Wednesday, February 20, 2008

"Give Me Give Me"

Ive reached the 6th week mark in my stay in 'Mamma Liberia' (as named by a text I recieved from the cell provider calling for citizens to keep Mamma Liberia clean) and have seen a lot, but also seen very little. Sorry for the paradox but one thing that I have seen in Monrovia is begging, scamming for money and an expectation that they will recieve something from me. I am torn, because I believe it is my duty as a Christian, and as a decent human being to help those in need. However, there are situations that I tend to stay away from and some I help, here are some examples,
The other day after playing tennis (you do anything to find exercise to avoid sitting in your compound all day) my partner and I decided to walk back from the apartment compound with the tennis courts to her place of work, about a five minute walk. We walked by a group of 5-8 year old girls who instantly began to say "Give me!, give me!" The had their palms out expecting something in return, we didnt have anythign but our tennis gear, and my friend looked at them and held out her palm and said no, you give me, which caused both sides to errupt in laughter and giggles. It breaks my heart to know the extreme level of poverty here.
Another example and tragedy, is the amount of amputees that flood the streets, most are amputees from the civil war, and the others due to poor health care, They usually gather around shopping centers and surround you once you leave your vehicle and expect money. once you make it past the amputees, you are surrounded by pirated DVD salesmen and other salesmen who sell everything from pillows to dog leashes and everything in between. There is at one of the supermarkets two amputees that tag team, one (missing an arm) opens the door , while the otehr (with out legs) holds a box for donations, I usually leave my change with him, mostly out of thanks for not being in my face about it. It is a sad state because even the Liberians are shunning the amputees to try to forget the civil war, so they arent hired, and thus forced to beg to a society that doesnt want to see them.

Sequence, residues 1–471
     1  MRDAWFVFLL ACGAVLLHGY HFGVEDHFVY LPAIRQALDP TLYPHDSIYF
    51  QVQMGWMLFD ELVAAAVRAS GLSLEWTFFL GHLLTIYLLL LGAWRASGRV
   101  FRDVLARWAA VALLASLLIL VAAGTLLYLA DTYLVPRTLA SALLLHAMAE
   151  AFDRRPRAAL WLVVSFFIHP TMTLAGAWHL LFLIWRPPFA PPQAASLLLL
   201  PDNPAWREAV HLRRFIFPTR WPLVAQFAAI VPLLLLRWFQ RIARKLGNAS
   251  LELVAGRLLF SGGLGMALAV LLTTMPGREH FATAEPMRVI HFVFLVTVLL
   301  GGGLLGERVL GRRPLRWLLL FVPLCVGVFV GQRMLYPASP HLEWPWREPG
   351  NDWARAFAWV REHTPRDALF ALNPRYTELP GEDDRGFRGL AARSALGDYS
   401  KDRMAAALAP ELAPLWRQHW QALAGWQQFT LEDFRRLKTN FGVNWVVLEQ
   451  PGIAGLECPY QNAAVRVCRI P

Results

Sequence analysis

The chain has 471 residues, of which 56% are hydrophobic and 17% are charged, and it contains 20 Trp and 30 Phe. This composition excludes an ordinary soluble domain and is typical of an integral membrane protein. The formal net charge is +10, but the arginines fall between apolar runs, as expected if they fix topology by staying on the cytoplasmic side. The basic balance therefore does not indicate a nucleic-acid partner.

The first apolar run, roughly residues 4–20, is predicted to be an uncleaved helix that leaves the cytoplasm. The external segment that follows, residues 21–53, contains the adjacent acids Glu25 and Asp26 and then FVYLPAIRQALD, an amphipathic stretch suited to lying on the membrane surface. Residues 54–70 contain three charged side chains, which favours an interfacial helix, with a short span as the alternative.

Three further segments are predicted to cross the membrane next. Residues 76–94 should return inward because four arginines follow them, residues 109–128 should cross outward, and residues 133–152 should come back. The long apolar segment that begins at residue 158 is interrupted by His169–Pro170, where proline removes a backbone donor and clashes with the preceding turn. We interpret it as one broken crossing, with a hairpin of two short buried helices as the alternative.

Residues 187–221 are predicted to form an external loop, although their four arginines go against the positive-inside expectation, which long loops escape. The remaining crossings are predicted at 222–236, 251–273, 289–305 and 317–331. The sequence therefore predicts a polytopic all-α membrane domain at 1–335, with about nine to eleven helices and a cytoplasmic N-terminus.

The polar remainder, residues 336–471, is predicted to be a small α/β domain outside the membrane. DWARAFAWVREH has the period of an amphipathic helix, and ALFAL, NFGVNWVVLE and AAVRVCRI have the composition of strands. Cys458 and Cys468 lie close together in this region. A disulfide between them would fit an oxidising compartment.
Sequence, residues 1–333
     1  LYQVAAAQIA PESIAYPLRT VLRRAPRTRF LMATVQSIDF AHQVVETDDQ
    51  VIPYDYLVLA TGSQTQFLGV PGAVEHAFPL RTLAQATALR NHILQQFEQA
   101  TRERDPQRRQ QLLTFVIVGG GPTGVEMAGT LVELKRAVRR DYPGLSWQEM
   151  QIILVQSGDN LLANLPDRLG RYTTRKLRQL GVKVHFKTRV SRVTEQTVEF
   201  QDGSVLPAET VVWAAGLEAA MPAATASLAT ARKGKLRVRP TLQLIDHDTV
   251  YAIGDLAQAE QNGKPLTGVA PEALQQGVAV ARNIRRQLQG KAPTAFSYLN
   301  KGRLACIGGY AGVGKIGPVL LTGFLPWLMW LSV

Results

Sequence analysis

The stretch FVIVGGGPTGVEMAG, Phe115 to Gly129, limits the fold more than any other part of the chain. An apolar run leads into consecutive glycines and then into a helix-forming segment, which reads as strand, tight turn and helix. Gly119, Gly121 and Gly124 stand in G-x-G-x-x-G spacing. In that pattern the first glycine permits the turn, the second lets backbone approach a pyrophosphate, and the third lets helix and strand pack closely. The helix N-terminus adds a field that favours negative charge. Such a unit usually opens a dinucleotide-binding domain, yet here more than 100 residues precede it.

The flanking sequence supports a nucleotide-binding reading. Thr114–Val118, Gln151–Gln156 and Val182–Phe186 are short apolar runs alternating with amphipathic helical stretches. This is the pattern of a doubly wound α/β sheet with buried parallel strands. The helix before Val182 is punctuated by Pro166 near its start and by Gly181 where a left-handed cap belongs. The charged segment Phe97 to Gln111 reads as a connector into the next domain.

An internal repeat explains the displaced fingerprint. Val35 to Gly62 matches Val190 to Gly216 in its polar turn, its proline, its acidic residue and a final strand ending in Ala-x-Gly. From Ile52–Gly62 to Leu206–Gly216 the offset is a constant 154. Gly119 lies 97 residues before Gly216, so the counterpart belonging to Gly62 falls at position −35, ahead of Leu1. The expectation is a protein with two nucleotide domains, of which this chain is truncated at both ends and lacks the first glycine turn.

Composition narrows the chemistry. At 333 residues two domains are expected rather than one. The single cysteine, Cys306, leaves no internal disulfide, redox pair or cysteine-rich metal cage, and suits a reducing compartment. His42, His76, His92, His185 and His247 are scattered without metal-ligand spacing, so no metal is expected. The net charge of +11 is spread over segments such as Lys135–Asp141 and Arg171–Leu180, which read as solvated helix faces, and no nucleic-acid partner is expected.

The last kind of scam, i have no sympathy for and it involves someone coming up to you telling you that they have a "insert family member here" sick and they need money, I had a guy just this morning as a I walked to work follow me then finally catch up to me to tell me his story, Thankfully it is a short walk and I was able to leave his company right as he asked me for money.
I want to help, but the big daddy complex of America will solve all our problems drives me crazy,Liberia can't be healed until its own people help each other...Its a tough subject to talk about because its amazing how little these people survive on...

1 comment:

Maargaret said...

Your blog really makes me think. There are no simple answers to what you are experiencing in Liberia. The situation is not limited to Liberia - yet happening worldwide.
Bush's visit to Liberia did not receive much press in Austin. That says a lot.